PLACEHOLDER - Carnitine is a quaternary ammonium compound biosynthesized from the amino acids lysine and methionine. In living cells, it is required for the transport of fatty acids from the cytosol into the mitochondria during the breakdown of lipids (fats) for the generation of metabolic energy. It is widely available as a nutritional supplement. Carnitine was originally found as a growth factor for mealworms and labeled vitamin BT, although carnitine is not a proper vitamin. Carnitine exists in two stereoisomers: Its biologically active form is L-carnitine, whereas its enantiomer, D-carnitine, is biologically inactive.[4
PLACEHOLDER - Hereditary hemochromatosis (he-moe-kroe-muh-TOE-sis) causes your body to absorb too much iron from the food you eat. The excess iron is stored in your organs, especially your liver, heart and pancreas. The excess iron can poison these organs, leading to life-threatening conditions such as cancer, heart arrhythmias and cirrhosis.
Many people inherit the faulty genes that cause hemochromatosis — it is the most common genetic disease in Caucasians. But only a minority of those with the genes develop serious problems. Hemochromatosis is more likely to be serious in men.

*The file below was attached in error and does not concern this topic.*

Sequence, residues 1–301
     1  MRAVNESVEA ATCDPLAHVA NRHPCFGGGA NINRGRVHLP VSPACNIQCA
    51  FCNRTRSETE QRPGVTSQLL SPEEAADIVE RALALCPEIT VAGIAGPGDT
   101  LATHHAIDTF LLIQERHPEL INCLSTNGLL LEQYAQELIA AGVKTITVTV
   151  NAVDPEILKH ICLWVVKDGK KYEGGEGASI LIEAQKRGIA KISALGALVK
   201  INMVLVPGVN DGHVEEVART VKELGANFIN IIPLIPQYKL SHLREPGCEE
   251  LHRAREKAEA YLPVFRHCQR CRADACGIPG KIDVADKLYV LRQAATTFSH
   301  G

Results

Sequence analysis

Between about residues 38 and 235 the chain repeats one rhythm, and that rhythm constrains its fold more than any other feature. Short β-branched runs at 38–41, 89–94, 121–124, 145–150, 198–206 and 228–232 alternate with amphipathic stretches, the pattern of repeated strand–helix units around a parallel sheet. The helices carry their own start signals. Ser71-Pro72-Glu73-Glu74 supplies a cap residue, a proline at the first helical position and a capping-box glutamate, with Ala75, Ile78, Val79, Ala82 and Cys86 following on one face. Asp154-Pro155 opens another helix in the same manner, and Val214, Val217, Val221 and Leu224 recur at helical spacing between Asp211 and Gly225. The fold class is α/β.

Signs and symptoms of hereditary hemochromatosis usually appear in midlife. Iron can be dropped to safe levels by regularly removing blood from your body.
N-Nitroso-N-methylurea (NMU) is a highly reliable carcinogen, mutagen, and teratogen. NMU is an alkylating agent, and exhibits its toxicity by transferring its methyl group to nucleobases in nucleic acids, which can lead to AT:GC transition mutations.
NMU is the traditional precursor in the synthesis of diazomethane. However, since it is unstable at temperatures beyond 20 °C and shock-sensitive to a degree, for this purpose it has become obsolete and replaced by other (N-methyl)nitrosamides. Most chemical supply houses have stopped carrying it.